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12 New Books We Recommend This Week


THE ZEN OF THERAPY: Uncovering a Hidden Kindness in Life, by Mark Epstein. (Penguin Press, $27.) A warm, profound memoir of a year in the consulting room of Epstein, a psychiatrist and practicing Buddhist. He probes the fundamental wisdom that psychotherapy and Buddhism share, to show how it might help us on the road to fulfillment. “The unifying stance Epstein identifies in Buddhism and in therapy at its best,” Oliver Burkeman writes in his review, “is the willingness to pay attention, while letting people and feelings be as they are.”

SMALL WORLD, by Jonathan Evison. (Dutton, $28.) Evison’s expansive new novel explores the lives of several passengers on a fateful train bound for Seattle, as well as the lives of their 19th-century ancestors. He weaves together a tale of the West, examining injustices and inequities across generations and cultures while maintaining a steady belief in humanity’s capacity for benevolence. “The novel is easy to love in part because it deals in generosity and hope,” TaraShea Nesbit writes in her review. “‘Small World’ is ambitious, showing our interconnectedness across time, place and cultures. … The final pages, earnest and direct, chance the sentimental, which might be the riskiest move of all.”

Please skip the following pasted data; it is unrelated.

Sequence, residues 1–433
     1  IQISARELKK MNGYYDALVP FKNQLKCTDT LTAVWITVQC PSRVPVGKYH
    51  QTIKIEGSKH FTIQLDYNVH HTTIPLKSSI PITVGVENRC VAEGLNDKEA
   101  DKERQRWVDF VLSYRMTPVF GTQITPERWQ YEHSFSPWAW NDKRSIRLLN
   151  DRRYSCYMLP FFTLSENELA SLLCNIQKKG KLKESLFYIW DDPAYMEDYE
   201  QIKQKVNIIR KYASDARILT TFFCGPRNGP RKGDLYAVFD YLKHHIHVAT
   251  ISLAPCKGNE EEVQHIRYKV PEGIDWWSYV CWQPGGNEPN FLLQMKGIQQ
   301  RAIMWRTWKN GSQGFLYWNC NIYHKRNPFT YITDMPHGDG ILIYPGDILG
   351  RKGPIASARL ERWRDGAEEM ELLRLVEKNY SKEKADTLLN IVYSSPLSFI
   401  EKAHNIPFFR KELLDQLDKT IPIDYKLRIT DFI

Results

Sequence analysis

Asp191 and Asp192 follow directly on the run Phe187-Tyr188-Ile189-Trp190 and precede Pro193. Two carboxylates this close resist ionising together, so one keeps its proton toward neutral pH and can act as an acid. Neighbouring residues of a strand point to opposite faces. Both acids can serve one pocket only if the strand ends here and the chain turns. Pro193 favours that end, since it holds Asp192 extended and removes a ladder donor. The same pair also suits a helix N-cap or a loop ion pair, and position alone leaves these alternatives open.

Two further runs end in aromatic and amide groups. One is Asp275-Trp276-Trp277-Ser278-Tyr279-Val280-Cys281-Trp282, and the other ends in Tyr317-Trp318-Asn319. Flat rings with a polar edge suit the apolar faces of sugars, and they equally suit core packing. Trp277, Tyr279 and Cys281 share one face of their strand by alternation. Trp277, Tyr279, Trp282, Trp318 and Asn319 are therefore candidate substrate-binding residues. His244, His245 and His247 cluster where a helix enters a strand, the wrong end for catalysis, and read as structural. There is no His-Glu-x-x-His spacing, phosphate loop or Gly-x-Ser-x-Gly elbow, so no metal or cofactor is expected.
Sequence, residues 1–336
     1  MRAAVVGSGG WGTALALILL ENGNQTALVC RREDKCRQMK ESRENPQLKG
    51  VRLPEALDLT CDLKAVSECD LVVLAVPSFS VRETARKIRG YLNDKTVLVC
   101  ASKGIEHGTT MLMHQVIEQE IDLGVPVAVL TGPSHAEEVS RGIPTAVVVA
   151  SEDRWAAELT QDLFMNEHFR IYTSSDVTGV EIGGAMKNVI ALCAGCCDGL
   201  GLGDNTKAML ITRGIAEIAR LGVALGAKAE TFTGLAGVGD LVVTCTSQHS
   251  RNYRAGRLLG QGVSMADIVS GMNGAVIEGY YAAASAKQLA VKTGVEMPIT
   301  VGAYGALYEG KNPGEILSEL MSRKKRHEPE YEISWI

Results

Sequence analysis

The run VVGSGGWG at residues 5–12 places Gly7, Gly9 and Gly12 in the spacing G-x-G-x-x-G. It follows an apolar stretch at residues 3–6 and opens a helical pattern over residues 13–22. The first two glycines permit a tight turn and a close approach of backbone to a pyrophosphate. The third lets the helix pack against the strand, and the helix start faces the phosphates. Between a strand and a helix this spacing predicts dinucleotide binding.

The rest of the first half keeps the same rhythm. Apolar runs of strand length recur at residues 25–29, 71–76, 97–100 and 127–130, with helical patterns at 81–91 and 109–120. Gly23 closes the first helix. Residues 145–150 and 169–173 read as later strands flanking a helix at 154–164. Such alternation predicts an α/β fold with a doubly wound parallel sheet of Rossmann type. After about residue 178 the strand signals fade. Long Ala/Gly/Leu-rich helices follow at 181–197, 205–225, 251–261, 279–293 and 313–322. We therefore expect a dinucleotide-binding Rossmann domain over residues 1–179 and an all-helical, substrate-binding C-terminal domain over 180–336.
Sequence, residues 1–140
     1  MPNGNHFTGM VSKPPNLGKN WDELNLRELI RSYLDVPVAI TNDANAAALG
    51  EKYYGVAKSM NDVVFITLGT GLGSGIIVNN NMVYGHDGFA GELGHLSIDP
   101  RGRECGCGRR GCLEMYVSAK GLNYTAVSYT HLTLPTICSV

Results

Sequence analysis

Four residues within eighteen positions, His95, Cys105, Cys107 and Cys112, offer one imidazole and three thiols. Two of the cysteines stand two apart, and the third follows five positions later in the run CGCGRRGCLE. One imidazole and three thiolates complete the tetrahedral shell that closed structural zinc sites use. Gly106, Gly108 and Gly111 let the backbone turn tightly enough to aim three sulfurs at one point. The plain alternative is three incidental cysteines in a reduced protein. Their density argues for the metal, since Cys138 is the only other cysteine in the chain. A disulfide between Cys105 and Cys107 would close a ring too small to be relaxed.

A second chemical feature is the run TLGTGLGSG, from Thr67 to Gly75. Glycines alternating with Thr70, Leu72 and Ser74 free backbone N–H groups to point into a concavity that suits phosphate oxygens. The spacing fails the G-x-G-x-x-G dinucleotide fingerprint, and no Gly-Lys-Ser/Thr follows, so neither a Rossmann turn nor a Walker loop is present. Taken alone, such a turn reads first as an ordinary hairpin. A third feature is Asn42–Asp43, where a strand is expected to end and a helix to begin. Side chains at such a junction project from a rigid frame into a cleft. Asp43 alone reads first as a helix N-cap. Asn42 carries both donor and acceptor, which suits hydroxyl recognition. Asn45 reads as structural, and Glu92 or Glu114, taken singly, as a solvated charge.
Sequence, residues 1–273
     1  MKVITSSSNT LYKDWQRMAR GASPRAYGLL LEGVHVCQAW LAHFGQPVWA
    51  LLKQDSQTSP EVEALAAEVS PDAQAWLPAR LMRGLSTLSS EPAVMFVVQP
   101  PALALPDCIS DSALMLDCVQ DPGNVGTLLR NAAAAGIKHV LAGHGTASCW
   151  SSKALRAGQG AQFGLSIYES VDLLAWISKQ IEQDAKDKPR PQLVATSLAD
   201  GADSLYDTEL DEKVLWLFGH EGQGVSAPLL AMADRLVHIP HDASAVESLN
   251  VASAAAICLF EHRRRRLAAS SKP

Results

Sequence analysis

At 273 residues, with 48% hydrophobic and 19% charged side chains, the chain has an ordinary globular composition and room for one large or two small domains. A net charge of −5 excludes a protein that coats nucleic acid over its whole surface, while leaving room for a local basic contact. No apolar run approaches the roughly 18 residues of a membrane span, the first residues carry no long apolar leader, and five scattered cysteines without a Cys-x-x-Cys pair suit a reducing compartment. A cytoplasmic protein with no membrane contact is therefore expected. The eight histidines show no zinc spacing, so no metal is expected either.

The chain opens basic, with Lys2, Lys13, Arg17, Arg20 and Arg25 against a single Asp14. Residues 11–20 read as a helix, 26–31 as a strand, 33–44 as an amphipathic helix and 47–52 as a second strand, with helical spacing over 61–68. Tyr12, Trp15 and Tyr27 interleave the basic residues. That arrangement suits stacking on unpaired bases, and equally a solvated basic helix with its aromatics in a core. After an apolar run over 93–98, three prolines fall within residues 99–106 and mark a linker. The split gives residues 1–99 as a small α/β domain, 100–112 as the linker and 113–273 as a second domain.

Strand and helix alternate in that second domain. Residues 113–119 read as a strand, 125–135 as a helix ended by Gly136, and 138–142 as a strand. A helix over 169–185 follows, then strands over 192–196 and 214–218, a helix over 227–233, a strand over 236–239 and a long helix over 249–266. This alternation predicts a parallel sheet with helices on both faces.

THE FINAL CASE, by David Guterson. (Knopf, $27.) Guterson, perhaps best known for “Snow Falling on Cedars,” returns with a tender, closely observed and often surprising father-son novel centered on a criminal trial. The verdict in this case is not just about the people in the courtroom, but about family love and its silent, complicated passions. “Guterson is the kind of writer about whom people used to say, when there were such things, ‘I’d read him, even if he wrote the phone book,’” Scott Turow writes, reviewing the novel. “Every sentence has a graceful weight and meter and is illumined by a subtle intelligence that makes his descriptions arresting but never showy.”

MANIFESTO: On Never Giving Up, by Bernardine Evaristo. (Grove, $27.) The debut memoir by the Booker Prize-winning author of “Girl, Woman, Other” recalls her upbringing in an interracial, Catholic household in London, and her long, hard path to literary stardom — and the romantic trials and youthful abandon along the way. “A lighter work than her novels, and more straightforwardly told, ‘Manifesto’ is a behind-the-scenes companion text that goes down smoothly,” our reviewer, Quiara Alegría Hudes, writes. The book “offers an irresistibly paradoxical invitation to writers: Create a literature of those left behind, by letting your heart run free.”

THE STEAL: The Attempt to Overturn the 2020 Election and the People Who Stopped It, by Mark Bowden and Matthew Teague. (Atlantic Monthly, $28.) The authors commemorate mostly unknown Republican officials in local politics who resisted their party’s pressures to overturn the 2020 election — and played a key role in preserving American democracy. In his review, Luke Broadwater calls it a “lean, fast-paced and important account of the chaotic final weeks of the Trump administration” that offers “a view of the election through the eyes of state- and county-level officials.”


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